But what about the zombies? That’s what we’re all here for, right? I hate to be that guy but there really aren’t a lot of zombies in this movie. You can probably count them all on one hand, which may be as disappointing for you as it was for me. There are a lot of really creepy scenes involving body-horror that will likely be seared into your mind, but as for actual zombies…nope. Only a couple guys even come back to life. The zombification is more similar to that of the aforementioned Doom movie: it makes you nearly invincible, messes up your face, and makes you more than a little crazy. That’s if it doesn’t just outright kill you first. If you were hoping to see undead crawling out of their graves in SS uniforms before getting melted by machine gun fire, I’m sorry to say that this isn’t your movie.
There are a few really cool scenes that are still worth checking out, however. The opening scene of the soldiers locked in their plane before it gets shot down are unbelievably tense and wonderfully kinetic. It’s a lot like the First Man in that respect (which you can find a review of here) because director Julius Avery tries to put the audience in the crashing plane with the soldiers and succeeds likes a pro. There’s also a scene mid-way through the movie in which the audience is first shown the full horrors of the lab and let me tell you, it is uncomfortable. There are some seriously messed up things going on in this scene, and the entire sequence is haunting, tense, and disturbing in all of the best ways. It’s just a shame that the rest of the film couldn’t quite match those heights again throughout the rest of it’s run-time.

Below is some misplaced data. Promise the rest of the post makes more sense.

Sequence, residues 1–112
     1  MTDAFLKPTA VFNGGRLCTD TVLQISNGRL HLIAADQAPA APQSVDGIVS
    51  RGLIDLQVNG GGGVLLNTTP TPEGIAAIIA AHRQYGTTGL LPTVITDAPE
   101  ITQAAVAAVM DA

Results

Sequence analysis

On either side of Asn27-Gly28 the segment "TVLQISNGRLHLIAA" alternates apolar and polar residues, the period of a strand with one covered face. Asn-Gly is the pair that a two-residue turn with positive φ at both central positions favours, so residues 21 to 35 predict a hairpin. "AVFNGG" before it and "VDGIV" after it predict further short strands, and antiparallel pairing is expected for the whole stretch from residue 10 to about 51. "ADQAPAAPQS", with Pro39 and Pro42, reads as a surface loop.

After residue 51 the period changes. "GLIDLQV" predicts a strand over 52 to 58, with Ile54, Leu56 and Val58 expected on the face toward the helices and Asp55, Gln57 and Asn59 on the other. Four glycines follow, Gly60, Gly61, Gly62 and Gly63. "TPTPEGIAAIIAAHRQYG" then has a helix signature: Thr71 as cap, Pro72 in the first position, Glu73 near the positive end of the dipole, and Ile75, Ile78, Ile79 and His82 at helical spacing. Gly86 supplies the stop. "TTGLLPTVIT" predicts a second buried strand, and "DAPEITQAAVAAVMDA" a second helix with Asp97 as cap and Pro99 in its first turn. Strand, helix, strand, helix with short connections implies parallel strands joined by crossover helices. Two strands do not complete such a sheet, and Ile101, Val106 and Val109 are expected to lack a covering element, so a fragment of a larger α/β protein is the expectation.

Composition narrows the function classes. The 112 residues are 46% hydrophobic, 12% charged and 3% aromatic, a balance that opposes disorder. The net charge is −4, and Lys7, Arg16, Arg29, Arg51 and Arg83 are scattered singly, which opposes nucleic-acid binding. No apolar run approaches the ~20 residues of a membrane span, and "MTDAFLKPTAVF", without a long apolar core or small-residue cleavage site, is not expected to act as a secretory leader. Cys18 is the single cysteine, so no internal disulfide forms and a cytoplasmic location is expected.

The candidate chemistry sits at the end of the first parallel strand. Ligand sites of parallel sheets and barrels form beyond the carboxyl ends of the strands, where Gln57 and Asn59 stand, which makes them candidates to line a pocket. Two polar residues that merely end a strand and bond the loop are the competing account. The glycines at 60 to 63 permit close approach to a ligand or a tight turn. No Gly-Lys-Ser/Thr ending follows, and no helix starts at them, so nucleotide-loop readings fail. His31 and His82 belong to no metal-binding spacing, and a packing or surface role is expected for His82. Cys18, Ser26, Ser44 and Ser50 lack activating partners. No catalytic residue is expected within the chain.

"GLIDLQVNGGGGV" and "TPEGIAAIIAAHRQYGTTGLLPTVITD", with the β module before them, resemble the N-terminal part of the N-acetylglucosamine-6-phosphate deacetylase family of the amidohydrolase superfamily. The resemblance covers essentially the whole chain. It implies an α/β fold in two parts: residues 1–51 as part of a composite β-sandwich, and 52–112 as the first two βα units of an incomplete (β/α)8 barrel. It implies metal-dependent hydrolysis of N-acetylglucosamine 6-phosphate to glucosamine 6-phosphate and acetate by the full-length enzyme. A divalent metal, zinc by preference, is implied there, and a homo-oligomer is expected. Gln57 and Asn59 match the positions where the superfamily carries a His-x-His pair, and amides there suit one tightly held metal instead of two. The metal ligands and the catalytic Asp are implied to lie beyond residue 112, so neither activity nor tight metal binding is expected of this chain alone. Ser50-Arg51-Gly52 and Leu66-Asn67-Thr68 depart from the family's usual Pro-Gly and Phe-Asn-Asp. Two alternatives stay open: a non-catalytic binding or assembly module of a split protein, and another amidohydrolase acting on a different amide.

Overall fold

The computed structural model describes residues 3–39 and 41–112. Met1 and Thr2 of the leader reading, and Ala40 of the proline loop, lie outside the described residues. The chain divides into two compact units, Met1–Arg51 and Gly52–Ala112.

All in all, Overlord isn’t a bad movie. I’d even go as far to say that it’s actually a pretty decent movie if it’s your kind of thing. But I feel like there might have been more potential here for something even better and I really thought this would end up being my favorite movie of 2018 by a landslide. The climax was intense but significantly lacking in the zombies department, much like the rest of the film. It almost seems like Overlord could never really decide what it wanted to be. There were times when it was a serious war movie trying to add social commentary on the true horrors of war, and at other times it seemed like it wanted to be a campy zombie B-movie that was just in it for the schlock and fun. Unfortunately for Overlord, it’s hesitation to commit to either tone leaves it feeling a little confused and unsure of it’s identity. I think if it had committed more to either approach, it could have been something truly special. Having said that, it never quite hits the highs that I think the film might have been capable of, but it’s very enjoyable nonetheless. It just didn’t live up to it’s potential.